Keys to Successful Voice Prospecting Campaigns – Organization and Tracking Progress

Organization is the key to success in voice prospecting. The better organized you are, the more calls you can make. The less you have to think about your tools, the better your focus will be on making effective presentations.

I have often been asked, what is the best way to organize yourself for a voice campaign. There are many systems for doing so. This is mine.

I prefer to use an Excel spread sheet for my call tracker. It allows me a great deal of versatility and many data bases are formatted to open in an Excel work book. Excel is flexible allowing for fields to be laid out exactly in the order you want to see them.

So, what information are you going to need on a call sheet? Going from left to right, I start with the name of the company, first and last name of the contact, title, telephone number, email address, street address, city, state, zip code, website URL, industry, and comments. I hide all columns except company name, contact name, title, phone number and comments.

The reason that I do this, is because I want to have the data accessible to refer to, but I don’t want it cluttering up my call work sheet either. While on the phone, I want quick reference to who am I calling, how to reach them, and their title. Too much information, too many columns, just bogs you down, so hiding the columns is important.

Should something positive come from the call, you have immediate access to the full picture with a simple left click of the mouse. Also, should you need to access the prospect’s company web site, just click on the URL and it opens immediately. How many times has someone asked you if you know what they do there, or you have wished that you had more in depth information at your disposal?

Another reason that I enjoy Excel as a prospecting tool, is that it allows me to design the size, style and color of the font, column and row to my optimum preference. When someone refers me to another person in the organization, I can add a row right below the name of the person who provided it. All of your data is together in the same location, so there is no need to hunt for it later.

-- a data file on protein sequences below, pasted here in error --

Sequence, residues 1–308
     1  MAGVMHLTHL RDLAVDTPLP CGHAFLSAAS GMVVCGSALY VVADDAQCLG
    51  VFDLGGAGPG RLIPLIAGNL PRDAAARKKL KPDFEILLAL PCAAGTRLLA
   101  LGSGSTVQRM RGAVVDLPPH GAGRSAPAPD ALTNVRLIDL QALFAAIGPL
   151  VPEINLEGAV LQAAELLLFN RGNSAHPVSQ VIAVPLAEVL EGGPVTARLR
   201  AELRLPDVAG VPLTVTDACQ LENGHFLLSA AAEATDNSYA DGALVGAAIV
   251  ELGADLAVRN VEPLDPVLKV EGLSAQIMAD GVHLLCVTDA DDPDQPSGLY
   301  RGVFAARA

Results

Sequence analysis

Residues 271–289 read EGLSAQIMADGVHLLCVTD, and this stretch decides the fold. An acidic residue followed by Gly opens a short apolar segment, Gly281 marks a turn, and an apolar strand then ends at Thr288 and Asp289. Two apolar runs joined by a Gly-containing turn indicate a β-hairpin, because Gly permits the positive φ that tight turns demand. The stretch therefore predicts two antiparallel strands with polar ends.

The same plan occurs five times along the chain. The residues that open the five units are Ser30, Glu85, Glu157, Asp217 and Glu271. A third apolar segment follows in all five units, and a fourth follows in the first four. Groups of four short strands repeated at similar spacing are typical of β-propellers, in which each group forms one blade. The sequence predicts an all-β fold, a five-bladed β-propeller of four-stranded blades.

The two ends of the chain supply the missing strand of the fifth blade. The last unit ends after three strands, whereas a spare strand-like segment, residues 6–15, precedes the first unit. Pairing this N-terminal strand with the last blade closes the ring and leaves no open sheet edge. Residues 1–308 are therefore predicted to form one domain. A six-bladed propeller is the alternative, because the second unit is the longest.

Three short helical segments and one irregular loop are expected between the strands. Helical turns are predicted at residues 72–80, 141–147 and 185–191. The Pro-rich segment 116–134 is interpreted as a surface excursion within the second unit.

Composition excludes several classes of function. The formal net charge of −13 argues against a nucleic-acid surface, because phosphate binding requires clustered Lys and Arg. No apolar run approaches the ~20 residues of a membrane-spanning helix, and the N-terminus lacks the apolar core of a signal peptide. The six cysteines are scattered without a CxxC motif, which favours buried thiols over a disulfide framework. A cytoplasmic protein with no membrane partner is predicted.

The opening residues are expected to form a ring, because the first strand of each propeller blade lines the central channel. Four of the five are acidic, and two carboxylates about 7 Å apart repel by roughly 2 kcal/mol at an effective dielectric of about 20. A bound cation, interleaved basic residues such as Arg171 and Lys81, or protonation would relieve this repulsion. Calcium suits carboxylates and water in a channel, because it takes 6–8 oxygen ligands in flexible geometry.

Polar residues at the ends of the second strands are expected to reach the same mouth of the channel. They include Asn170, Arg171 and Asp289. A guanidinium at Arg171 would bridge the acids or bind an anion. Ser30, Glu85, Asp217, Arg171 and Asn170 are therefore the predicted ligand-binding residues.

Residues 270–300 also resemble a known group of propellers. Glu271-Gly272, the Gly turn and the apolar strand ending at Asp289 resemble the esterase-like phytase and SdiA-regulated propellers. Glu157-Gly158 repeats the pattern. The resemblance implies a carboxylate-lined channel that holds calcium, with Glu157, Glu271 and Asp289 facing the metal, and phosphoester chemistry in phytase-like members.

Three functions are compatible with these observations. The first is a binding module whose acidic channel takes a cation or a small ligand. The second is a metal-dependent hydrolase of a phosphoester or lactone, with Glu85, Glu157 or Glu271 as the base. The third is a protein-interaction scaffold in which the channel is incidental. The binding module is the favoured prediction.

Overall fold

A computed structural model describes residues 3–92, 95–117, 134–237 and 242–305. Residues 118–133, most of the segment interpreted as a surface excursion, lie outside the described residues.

With all of these rows of information, how do you know where who you have called and what the results of the call were? Referring back to the comments section can be slow and tedious, as you may have to read several entries on various rows, to locate the data that you need.

The use of color instantly brings organization to life. Calls where I reached voice mails, I use yellow. Calls where I spoke to the contact, but the answer was no, I use green. Bad numbers/fax numbers, no longer with the company calls are light gray. When I need to call someone back, purple stands out. When I make a sale or generate a lead, red. Obviously, the ones still in white have yet to be attempted.

I can look at my sheet and easily know at a glance, who I’ve called, what the results of the call were, who I need to call back, and find detailed notes of what happened in the contact section for each. It isn’t rocket science, but it works awfully well for me.

My PC is set up to dial my out bound calls for me. I copy and paste the number into the dialer and hit enter. While the phone is ringing, I copy the next number on the Excel sheet, so that I am ready to make another call immediately, should my attempt go to voice mail, or be a wrong number.

While it is ringing, I have highlighted the Excel row for the contact I am calling. I place my cursor on the yellow color block (for voice mail), so if I reach voice mail, I can instantly click the color to record the result on the work sheet, then go to the dialer and hang up, enter the next number, and dial the next contact. In just a second or two, I am on to my next call.

Sales is a numbers game, so the more efficient that you can be, and the more dials you can attempt, the better your end results should be.

By |2017-03-01T18:09:51+00:00January 18th, 2016|

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